Yet, the wealth management industry has historically focused on male clients.  Perhaps that is why many women do not engage in financial planning or wealth management.  Interestingly, however, of women who increased their involvement in their financial affairs, 90% reported an increase in their quality of life.  It is empowering to take control over your finances.  Seek out one who is a good fit for you.

Estate planning lawyers have similarly catered to males.  Not surprisingly, studies show that 70% of widows change their estate planning attorney after the death of their husband.  I see this frequently in my estate planning practice with many widows choosing to move their business to my firm.  Often because they want to work with a woman-owned firm.  Just as frequently, it is because we treat them with dignity and do not assume they lack sophistication simply because they are women.

In Closing

The shift in wealth is in process.  From one generation to the next.  And women stand to benefit greatly over the next few decades.  For women, having a plan to manage our wealth and to protect our legacy is critically important.  Part of protecting our legacy is ensuring that our money supports the people we love and the causes we are passionate about.  Once you have hired that wealth management or financial planning professional, you can work with them to see how best to grow and preserve wealth for your children and how to best support the charities that align with your values.  Then turn to your estate planning lawyer to help you make sure that your wealth transfers seamlessly to the next generation and that the charities you currently support are not forgotten.


Resources:

Blog Post: Leveling the Playing Field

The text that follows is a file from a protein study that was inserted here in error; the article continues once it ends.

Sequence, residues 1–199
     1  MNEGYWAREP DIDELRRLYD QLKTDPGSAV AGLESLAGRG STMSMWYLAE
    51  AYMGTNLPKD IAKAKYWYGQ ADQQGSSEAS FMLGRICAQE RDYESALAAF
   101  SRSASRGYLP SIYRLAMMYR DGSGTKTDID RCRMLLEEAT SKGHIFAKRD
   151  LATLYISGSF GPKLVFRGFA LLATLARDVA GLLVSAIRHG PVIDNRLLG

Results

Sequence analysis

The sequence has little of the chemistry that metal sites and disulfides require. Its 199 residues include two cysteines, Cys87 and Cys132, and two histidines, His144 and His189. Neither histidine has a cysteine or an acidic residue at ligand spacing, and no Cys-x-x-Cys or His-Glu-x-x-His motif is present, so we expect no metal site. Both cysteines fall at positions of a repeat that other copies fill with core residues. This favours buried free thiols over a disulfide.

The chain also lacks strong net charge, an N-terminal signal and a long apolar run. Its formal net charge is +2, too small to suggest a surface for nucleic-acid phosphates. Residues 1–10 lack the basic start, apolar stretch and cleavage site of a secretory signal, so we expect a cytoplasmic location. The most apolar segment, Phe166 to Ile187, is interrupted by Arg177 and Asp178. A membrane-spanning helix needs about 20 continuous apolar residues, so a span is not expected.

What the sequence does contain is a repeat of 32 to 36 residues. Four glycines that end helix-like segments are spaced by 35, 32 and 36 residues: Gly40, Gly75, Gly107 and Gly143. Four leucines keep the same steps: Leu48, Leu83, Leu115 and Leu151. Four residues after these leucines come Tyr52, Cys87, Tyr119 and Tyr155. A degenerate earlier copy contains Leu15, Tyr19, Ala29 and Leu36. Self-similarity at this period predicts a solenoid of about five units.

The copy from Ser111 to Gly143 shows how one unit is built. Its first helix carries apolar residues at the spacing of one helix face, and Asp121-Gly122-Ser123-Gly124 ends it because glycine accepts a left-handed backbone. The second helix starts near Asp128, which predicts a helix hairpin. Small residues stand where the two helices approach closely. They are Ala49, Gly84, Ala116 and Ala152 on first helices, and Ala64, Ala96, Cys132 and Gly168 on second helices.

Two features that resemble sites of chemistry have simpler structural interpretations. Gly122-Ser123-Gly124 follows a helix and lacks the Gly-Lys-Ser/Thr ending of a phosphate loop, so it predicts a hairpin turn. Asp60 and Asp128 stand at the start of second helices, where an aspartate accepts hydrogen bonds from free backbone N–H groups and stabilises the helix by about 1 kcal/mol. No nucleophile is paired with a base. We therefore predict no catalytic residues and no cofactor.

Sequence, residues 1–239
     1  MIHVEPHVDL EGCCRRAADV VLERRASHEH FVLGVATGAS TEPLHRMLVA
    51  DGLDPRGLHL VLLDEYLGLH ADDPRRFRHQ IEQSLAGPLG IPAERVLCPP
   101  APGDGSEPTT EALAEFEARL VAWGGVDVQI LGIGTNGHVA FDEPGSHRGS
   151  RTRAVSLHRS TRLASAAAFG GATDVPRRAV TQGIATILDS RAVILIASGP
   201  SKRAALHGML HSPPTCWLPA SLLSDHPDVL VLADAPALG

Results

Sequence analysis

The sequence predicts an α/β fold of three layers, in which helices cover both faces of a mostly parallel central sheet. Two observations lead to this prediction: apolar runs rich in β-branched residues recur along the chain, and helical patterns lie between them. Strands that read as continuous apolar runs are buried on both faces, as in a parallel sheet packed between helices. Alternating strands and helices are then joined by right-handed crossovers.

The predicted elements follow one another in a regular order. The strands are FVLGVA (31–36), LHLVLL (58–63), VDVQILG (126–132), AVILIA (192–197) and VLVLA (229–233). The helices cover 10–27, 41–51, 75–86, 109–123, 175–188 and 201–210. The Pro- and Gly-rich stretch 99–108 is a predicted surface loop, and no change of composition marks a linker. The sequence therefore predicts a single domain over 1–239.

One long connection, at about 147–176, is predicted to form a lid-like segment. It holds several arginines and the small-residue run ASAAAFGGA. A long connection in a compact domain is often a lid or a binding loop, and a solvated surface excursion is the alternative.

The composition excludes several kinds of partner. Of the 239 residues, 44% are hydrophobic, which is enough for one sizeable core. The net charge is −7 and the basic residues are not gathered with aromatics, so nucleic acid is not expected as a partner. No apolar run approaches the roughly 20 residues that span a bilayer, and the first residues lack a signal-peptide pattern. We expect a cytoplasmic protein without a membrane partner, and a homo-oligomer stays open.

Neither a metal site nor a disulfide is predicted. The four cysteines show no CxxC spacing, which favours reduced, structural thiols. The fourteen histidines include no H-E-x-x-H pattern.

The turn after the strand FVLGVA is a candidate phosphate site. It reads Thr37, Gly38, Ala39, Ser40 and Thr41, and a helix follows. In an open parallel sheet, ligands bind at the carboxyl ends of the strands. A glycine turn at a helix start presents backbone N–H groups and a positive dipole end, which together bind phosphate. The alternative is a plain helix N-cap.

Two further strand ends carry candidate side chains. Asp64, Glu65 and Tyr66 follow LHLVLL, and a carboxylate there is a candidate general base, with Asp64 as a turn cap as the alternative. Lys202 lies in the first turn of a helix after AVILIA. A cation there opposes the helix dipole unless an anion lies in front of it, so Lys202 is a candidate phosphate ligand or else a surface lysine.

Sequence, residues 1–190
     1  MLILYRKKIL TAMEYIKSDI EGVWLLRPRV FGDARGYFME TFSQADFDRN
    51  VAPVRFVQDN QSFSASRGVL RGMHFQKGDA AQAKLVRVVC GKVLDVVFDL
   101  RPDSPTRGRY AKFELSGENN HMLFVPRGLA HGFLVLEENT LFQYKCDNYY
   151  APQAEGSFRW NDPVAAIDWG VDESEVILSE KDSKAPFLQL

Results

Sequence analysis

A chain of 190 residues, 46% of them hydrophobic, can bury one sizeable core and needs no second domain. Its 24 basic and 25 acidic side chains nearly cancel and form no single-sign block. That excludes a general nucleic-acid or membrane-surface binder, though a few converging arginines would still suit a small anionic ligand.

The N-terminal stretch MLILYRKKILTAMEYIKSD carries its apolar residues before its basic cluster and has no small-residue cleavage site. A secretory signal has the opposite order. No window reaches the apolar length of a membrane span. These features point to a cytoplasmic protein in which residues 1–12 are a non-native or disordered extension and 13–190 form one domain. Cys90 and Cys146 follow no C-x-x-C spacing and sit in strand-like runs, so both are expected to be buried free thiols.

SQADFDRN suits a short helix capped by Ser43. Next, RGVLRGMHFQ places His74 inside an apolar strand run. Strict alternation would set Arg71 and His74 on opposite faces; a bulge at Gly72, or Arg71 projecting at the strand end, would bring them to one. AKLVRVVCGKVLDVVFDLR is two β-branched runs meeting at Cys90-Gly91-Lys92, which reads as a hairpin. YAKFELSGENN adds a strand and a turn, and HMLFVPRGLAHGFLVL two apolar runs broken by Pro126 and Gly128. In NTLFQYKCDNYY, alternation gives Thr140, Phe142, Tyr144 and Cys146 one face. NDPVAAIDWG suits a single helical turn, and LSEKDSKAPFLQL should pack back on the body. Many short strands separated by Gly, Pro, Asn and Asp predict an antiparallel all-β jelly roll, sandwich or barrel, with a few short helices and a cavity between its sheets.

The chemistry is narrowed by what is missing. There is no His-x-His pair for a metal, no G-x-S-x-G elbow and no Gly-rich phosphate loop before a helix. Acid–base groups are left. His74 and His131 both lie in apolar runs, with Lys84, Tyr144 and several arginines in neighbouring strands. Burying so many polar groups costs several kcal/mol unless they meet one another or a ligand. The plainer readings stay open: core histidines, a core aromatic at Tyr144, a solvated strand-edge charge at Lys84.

by: Boston Consulting Group

https://www.bcg.com/documents/file56704.pdf

Rebecca Mason Law Estate Planning:

https://rebeccamasonlaw.com/our-practice/estate-planning-estate-administration/

On Earth Day We asked… Can Estate Planning be Eco-Friendly?

My husband and I try to instill in our children a love for nature.  This photo is of our middle daughter, Amelia, as we hiked through Johnson Park in Racine last fall.  Living in such a beautiful part of the world, it’s easy to spend hours outside with loved ones. We take the kids hiking and camping whenever we have a spare moment. 

Not only do we get to experience nature, but we also unplug and experience each other without interruption.

Attorney Mason and her daughter hiking on Earth Day in Racine County
Attorney Mason and her daughter, Amelia hiking in Racine County Wisconsin

As we consider Earth Day, we are proud that our love for nature is being passed on to our children.  I am also proud to extend this ethos beyond our families weekend adventures. It has become a fundamental part of my firm’s estate planning practice.

Have you considered a green burial?

We routinely ask our clients if they have considered a green burial.  A “green burial” is an Eco-friendly approach to burial. Traditional burial method fills your body with a formaldehyde solution and encases your body in a casket. Caskets are often not bio degradable.

During a green burial, your body is not embalmed. You are buried in a container that is 100 percent bio degradable.  Sometimes no casket at all. The body is wrapped in a cloth.  Did you know you can also choose to be buried with a tree sapling? This metaphorically and actually allows your body to become the tree.

What else can be done on Earth Day?

We also found ways to cut waste by offering a “paper-lite” estate plan. With the help of newer tech and our fantastic millennial staff, we have a secure portal. The secure portal allows us to share drafts and obtain client feedback without using paper.  Our clients can also securely access their estate plan from literally anywhere in the world (as long as there is internet access). 

In Wisconsin, the final Estate Plan needs to be signed to comply with state law.  But digitizing large portions of the estate planning process can significantly reduce the use of paper and our impact on the earth. While at the same time improving the process.

We know these efforts are not huge changes. But each small change we make adds up.


Earth Day & Estate Planning Resources:

The Green Burial Council: https://www.greenburialcouncil.org


The Biodegradable burial pod that turns your body into a tree:
https://www.cnn.com/2017/05/03/world/eco-solutions-capsula-mundi/index.html